I would like to start off today’s post with a fact that caught my eye from the infographic: There were 220 health workers per 100,000 Americans in 1980, now there is only 158. In order to keep up with public health workforce demand, we need to train three times the number of graduates we have in school today. It seems like the healthcare quality in America will remain away from the global top spots.
Since public healthcare picked up steam in America we have been able to improve on a variety of treatable aliments, one of the biggest being women’s health. In undeveloped countries, women are fifteen times more likely to die during childbirth than the first world. One of the easiest ways to lower the risk is simple education. Raising awareness of healthy reproductive health and contraception can drastically change women’s health statistics.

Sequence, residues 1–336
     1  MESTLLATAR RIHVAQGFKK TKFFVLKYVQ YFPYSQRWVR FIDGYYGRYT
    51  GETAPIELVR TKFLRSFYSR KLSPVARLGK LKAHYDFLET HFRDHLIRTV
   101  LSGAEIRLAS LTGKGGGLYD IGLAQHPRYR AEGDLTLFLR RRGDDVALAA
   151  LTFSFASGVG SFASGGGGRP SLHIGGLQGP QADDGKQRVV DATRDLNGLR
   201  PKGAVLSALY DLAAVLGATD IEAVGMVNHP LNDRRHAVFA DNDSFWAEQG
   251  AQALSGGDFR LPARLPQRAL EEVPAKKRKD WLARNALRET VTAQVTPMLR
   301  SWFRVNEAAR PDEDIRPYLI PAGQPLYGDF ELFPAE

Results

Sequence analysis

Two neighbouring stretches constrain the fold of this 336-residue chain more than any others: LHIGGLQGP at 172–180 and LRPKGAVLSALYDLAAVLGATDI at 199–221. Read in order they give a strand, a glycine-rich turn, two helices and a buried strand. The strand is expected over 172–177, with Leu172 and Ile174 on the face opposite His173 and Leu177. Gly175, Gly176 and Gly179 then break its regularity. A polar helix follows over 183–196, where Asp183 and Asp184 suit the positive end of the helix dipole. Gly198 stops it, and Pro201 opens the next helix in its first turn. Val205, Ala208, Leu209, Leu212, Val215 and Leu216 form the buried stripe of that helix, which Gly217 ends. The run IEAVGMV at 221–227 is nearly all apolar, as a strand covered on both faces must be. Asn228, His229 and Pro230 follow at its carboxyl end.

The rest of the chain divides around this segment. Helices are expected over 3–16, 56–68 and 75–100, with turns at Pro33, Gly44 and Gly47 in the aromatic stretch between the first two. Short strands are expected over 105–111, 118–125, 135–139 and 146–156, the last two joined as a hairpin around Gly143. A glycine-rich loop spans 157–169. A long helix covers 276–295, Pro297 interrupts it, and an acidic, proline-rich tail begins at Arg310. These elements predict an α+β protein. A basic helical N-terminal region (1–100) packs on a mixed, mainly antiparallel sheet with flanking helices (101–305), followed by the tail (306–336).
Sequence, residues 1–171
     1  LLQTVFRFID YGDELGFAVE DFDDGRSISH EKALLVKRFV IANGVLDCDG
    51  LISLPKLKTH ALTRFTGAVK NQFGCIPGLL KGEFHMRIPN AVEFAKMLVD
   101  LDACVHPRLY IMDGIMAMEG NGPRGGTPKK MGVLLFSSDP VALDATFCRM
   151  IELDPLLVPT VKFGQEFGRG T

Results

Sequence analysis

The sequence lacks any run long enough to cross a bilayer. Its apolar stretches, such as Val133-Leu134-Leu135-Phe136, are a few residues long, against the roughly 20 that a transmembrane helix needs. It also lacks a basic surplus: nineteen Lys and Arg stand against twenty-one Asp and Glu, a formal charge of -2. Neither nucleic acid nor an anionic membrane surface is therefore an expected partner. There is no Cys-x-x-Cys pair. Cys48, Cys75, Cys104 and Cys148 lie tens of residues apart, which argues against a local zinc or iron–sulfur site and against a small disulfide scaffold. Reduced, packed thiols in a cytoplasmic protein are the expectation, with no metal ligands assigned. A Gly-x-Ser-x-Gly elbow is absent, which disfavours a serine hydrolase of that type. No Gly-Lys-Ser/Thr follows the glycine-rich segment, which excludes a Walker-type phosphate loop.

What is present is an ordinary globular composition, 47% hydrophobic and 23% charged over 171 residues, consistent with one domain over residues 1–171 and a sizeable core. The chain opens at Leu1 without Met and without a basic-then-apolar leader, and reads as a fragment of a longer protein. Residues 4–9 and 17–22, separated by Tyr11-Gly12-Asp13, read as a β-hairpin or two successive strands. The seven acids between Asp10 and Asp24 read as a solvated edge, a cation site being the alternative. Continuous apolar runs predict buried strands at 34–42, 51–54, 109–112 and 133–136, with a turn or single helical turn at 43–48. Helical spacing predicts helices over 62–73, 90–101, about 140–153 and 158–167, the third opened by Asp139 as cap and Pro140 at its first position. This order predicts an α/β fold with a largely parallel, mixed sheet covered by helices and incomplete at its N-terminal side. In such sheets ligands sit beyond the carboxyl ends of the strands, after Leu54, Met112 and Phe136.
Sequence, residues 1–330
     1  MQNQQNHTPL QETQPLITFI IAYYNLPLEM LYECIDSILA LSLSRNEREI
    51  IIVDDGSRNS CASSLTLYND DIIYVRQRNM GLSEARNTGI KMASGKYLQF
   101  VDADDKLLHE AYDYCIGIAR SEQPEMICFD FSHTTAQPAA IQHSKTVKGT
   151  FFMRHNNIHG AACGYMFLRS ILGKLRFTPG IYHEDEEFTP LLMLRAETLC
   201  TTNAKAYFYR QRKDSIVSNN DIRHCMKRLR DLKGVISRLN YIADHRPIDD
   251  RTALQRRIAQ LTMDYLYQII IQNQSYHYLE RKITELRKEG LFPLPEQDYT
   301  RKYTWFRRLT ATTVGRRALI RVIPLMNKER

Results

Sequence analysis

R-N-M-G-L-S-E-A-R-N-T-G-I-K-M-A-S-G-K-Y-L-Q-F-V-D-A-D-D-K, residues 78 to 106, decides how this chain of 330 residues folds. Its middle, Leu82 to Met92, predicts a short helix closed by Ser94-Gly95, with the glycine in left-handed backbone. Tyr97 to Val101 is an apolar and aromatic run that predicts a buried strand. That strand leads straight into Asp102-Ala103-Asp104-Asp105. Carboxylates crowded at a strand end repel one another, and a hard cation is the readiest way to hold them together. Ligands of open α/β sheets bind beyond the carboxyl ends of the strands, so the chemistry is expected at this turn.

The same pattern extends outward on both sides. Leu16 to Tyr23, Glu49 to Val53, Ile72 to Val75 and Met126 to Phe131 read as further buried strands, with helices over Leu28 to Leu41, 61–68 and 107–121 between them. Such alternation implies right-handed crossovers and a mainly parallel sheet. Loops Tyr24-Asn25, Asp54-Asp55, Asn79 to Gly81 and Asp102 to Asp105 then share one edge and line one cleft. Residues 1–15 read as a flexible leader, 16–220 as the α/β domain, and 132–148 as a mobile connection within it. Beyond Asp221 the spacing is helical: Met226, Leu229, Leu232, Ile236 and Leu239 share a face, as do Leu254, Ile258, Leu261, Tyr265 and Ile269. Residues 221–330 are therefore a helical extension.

In addition to dealing with noncommunicable health issues, the reaction time for organizations like the Red Cross and CDC for infectious outbreaks has been cut recently. The current Ebola outbreak in Uganda is a great example. Ebola is one of the most easily spread and deadly viruses to ever surface on this earth. The volunteers and doctors who treat the victims face-to-face are our modern day heroes. Regardless of your opinion on public health: ignorance to viruses like Ebola put the entire world in danger.